This is all good news, and it points to the bipartisan support for these key components of our climate mitigation strategies. There’s still a larger issue about the availability of long-term funding for these programs, given the massive deficits the federal government is running, particularly with the budget-busting tax cut passed last December. But for now, these programs are safe and even stronger, in a rebuke to the administration and transit and clean tech opponents.
Brazil has distinct energy and greenhouse gas reduction challenges compared to other countries around the world. But its energy leadership has one thing in common with many other countries: a desire to boost energy storage. I’m at a conference in Sao Paulo, Brazil focused on this technology, hosted by the Instituto de Energia & Ambiente (IEE) at the University of Sao Paulo (USP).
Why are Brazil’s energy and climate challenges distinct? Unlike other countries, its energy and transportation sectors are already relatively clean, at least from a carbon perspective. Two-thirds of their electricity comes from hydropower, and about 60% of their transportation fuel comes from sugar-based ethanol.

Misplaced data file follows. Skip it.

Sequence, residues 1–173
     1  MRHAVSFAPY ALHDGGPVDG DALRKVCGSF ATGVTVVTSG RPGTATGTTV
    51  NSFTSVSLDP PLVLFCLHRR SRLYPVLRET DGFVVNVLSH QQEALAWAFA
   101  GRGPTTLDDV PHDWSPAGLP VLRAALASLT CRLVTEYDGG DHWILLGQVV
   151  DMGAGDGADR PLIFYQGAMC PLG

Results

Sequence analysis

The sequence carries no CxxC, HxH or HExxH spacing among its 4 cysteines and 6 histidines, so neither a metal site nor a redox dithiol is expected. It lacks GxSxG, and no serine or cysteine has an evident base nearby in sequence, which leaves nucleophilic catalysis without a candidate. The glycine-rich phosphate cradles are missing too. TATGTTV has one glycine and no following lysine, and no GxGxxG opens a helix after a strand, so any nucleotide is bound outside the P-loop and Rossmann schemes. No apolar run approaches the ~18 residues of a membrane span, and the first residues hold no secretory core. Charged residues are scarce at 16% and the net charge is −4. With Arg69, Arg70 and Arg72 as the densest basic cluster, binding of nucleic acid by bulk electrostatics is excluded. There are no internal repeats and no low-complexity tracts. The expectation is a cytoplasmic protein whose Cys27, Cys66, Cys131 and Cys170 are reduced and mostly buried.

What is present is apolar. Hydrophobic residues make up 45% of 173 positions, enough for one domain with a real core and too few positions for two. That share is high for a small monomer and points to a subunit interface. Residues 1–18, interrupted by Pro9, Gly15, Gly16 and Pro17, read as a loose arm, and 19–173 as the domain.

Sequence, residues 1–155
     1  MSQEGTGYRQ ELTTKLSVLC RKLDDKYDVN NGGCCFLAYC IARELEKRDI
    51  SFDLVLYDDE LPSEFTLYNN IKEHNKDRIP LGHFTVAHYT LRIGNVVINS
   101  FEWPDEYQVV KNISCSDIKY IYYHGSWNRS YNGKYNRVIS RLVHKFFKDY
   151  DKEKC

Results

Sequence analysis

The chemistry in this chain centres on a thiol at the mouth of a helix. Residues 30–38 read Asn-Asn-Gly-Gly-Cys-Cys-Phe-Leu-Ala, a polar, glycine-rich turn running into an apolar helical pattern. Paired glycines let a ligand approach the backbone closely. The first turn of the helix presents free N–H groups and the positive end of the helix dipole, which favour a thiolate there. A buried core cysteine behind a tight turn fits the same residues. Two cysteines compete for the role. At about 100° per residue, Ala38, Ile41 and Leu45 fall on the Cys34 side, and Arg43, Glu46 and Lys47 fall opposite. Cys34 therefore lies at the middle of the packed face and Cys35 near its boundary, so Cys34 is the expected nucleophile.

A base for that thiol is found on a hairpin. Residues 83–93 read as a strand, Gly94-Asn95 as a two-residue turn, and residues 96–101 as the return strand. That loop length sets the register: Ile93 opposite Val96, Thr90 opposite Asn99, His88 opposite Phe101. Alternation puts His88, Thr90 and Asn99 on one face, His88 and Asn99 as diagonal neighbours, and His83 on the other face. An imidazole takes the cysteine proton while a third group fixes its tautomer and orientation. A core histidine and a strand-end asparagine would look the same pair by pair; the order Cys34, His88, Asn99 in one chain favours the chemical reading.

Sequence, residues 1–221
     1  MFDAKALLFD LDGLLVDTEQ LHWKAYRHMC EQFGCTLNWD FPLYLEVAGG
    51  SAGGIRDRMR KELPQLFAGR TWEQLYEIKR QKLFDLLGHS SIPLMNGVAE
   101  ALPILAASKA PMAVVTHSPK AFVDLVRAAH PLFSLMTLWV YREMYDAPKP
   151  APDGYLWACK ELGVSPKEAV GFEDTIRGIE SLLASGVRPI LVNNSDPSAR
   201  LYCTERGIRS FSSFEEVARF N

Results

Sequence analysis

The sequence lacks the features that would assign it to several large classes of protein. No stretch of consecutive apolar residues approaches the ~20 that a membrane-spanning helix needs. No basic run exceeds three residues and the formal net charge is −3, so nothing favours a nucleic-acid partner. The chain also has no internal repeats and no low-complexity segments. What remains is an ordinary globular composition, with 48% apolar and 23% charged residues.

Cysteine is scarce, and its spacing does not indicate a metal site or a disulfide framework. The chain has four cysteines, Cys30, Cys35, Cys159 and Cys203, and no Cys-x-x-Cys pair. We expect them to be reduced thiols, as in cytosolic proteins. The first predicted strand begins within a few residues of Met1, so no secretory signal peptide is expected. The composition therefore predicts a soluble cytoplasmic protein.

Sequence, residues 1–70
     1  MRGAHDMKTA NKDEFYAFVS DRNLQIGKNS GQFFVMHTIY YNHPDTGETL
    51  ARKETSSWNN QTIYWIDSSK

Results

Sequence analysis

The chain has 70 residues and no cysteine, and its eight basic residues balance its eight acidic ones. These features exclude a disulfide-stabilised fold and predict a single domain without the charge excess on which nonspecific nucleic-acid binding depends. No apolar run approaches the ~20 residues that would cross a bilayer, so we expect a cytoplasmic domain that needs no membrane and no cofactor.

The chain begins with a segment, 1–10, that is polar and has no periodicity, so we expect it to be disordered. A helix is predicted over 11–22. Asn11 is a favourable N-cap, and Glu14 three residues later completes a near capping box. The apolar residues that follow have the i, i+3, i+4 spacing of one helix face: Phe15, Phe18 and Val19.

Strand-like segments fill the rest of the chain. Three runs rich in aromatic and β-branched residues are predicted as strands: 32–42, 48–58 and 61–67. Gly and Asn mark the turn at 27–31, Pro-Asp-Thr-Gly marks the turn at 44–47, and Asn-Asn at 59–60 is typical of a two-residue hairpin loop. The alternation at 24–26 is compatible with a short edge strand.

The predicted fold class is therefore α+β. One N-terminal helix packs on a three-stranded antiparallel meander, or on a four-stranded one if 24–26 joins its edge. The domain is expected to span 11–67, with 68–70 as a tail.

But the country’s energy leadership knows that hydropower is dwindling, as more frequent droughts and farming reduce the water supply. And they must reduce transportation emissions to meet their nationally determined climate commitments under the 2015 U.N. Paris accord. They hope to meet burgeoning demand for power through more wind and solar deployment. But this deployment will require more energy storage, too, to integrate these variable renewable sources without needing more fossil fuel-powered generation.
Today, on the second day of this two-day conference, I’ll be speaking at 12:30pm PT (4:30pm local time) about the California energy storage experience and how the state’s laws have helped create a market for the technology. You can livestream the pane discussion here. I’ll blog more about the conference and Sao Paul upon my return.
With Republicans in control of the federal government, climate advocates have looked to the states to make progress reducing greenhouse gas emissions. From my perspective, this is a positive and much-needed approach to climate action, given how relatively weak federal efforts on climate have been, even when Obama as president.